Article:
Reinhard Siekaczek, a skeptical former accountant of Siemens A.G., expressed little optimism that Siemens’ violations of German law and the U.S. Foreign Corrupt Practices Act’s (“FCPA”) prohibitions against bribing foreign officials would deter others in a world full of corruption. Siekaczek states, “[p]eople will only say about Siemens that they were unlucky and that they broke the 11th commandment. The 11th commandment is: ‘Don’t get caught.’” At Siemens, Siekaczek participated in large-scale bribery by helping maintain a budget of tens of millions of dollars per year that was dedicated to bribing foreign officials, what one bureaucrat described as the “Siemens’ business model” and “institutionalized corruption.” Eventually, Siemens and many of its subsidiaries paid a heavy price for getting caught: over $2.6 billion spent in fees, fines to the U.S. and Germany, and corporate reform measures to replace corruption with compliance.
While many American businesspeople and companies who understand the realities of doing business in foreign countries would likely agree with Siekaczek’s lamentation, the problem with the 11th commandment is that “not getting caught” for bribery is becoming increasingly difficult in the U.S. This is so not only because of the FCPA prevents the making of “corrupt payments” to foreign officials for the purpose of promoting business interests, but because the Department of Justice is strictly enforcing the FCPA by investigating more cases levying extremely high fines in plea bargains, and even performing sting operations through the Federal Bureau of Investigation.
Avoiding notice is likely hard enough in a situation where only one individual is paying bribes, but bribery naturally becomes harder to conceal when multiple parties are involved. Such is the case in the world of international project finance. Because the FCPA’s reach is not restricted to the people who physically pay the money or make an improper offer, liability can extend much further than U.S. companies and businesspeople might expect and hope. Consequently, complicated issues of liability exist for many project finance participants because any one project can include many people and entities—lenders, agents, project sponsors, project companies, constructors, operators, and so forth. Thus, rather than hoping to “not get caught,” project finance participants should take active steps throughout the duration of a project to identify potential violations and prevent bribes. This strategy presents participants with the best opportunity for avoiding FCPA liability, possible jail time, and severe economic and other consequences to the project.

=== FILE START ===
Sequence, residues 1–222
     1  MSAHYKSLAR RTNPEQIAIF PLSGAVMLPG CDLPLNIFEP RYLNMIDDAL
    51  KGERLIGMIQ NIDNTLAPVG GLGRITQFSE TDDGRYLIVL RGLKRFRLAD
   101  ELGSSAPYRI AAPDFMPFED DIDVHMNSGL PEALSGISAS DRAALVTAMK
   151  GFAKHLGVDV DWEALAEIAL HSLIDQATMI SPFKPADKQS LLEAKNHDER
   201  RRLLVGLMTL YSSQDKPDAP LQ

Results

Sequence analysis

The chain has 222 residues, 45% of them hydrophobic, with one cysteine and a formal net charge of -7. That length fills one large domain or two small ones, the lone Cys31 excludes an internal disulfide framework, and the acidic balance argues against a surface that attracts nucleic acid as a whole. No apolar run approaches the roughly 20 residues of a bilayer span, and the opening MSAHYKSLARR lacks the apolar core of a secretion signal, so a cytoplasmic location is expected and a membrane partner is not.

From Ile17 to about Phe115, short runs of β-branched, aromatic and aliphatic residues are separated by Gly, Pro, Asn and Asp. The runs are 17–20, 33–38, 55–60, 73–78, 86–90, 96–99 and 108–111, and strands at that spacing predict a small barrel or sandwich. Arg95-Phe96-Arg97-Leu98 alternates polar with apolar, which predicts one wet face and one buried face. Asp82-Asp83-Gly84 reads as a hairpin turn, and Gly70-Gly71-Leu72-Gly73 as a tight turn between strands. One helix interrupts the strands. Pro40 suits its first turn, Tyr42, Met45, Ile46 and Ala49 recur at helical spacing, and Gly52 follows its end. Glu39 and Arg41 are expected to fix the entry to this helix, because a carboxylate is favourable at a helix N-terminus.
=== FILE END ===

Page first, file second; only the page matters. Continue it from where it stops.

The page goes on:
Clinton R. Long, When “Not Getting Caught” Is Not Enough: Preventing Foreign Corrupt Practices Act Violations and Liability in International Project Finance, 3 Pace Int’l L. Rev. Online Companion 111 (2012).